Cards on the table. (1) As readers will know I am strongly opposed to subsidising the building of new nuclear power plants in the UK; (2) I am not any kind of engineer. As such, I very much hope that this sanguine assessment of the situation at Fukushima is correct.
But base-level 'democratic' politics is at best lightly concerned with fact, and it is at least a strong possibility that as regards new nukes the terms of trade, only recently minted for the benefit of EDF et al, are set to change.
Wind back the clock to 1986 and Chernobyl, a Soviet plant that was hardly representative of worldwide state-of-the-art nuclear technology at the time. Yet, when it blew, the CEO of a then-obscure Texas gas pipeline company (Enron) immediately predicted that no-one would build another nuke in his lifetime. But people still need electricity, he reasoned, and thus correctly foresaw, and triumphantly acted upon the 'dashes for gas' that swept the USA, then the UK, and subsequently went fairly global.
In 2011 the UK, as elsewhere, is on the brink of what could be - or could have been - a mighty nuclear renaissance. After lengthy lobbying by EDF the stock was sold, the press was squared, the middle class was quite prepared - yea, even unto Chris Huhne, against his better judgment.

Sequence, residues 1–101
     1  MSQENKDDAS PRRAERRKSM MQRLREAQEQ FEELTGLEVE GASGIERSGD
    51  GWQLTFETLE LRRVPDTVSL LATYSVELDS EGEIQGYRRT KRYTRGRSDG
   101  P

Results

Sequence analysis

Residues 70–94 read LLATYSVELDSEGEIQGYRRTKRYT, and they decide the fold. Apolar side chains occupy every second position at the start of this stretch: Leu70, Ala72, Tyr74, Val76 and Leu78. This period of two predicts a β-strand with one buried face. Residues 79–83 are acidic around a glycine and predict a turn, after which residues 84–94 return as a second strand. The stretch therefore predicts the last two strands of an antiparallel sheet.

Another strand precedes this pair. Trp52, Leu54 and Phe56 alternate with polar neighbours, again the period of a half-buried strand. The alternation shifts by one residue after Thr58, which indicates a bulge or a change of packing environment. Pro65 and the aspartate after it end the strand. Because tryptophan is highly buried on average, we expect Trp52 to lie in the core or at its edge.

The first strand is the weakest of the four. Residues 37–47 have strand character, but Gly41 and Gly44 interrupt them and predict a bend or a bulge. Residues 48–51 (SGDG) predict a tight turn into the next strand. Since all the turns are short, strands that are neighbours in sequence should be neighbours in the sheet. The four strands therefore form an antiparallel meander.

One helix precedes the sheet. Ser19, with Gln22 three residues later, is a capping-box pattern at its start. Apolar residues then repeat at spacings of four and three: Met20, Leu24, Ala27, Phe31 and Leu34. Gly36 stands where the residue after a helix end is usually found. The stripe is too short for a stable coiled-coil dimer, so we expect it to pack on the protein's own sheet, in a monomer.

What happens next ? Obviously we don't even have a definitive outcome at Fukushima, still less a measured analysis. But I'll wager any money you like that at the very least (a) the timetable for any programme of new nukes in Western countries (already slipping badly for reasons inherent to its own dodgy dynamics) has just taken a considerable extension; and (b) that the costs have just gone up significantly**, and the economics correspondingly down. At worst (if you are Areva) the politicians take fright & the shutters go back down for another decade or so.
But the pressing need for more generating capacity still needs to be met. For sure, it will be offset by a steeply rising oil-price. (Japan's need for reconstruction on a gigantic scale will potentially drive up commodities prices still further, as did the Chinese rebuilding after the Sichuan 'quake of 2008). However, just as 25 years ago, the main effect is likely to be yet another round of dash-for-gas. Perhaps high-tech coal will also get a look-in. Even some renewables will become genuinely economic eventually ...
As we've endlessly written, there's plenty of gas around - at the moment. But it will look different after half a decade of 'new dash'. Just as with Enron back in 1986, the race will be to those who make simple (& correct!) judgments on these things and act boldly. Memo to Huhne: this doesn't need subsidy (which we can't afford anyway) but it does need you to turn your politics around, as quickly as possible.
** there is the possibility of a counter-intuitive opposite effect, which I'll write about later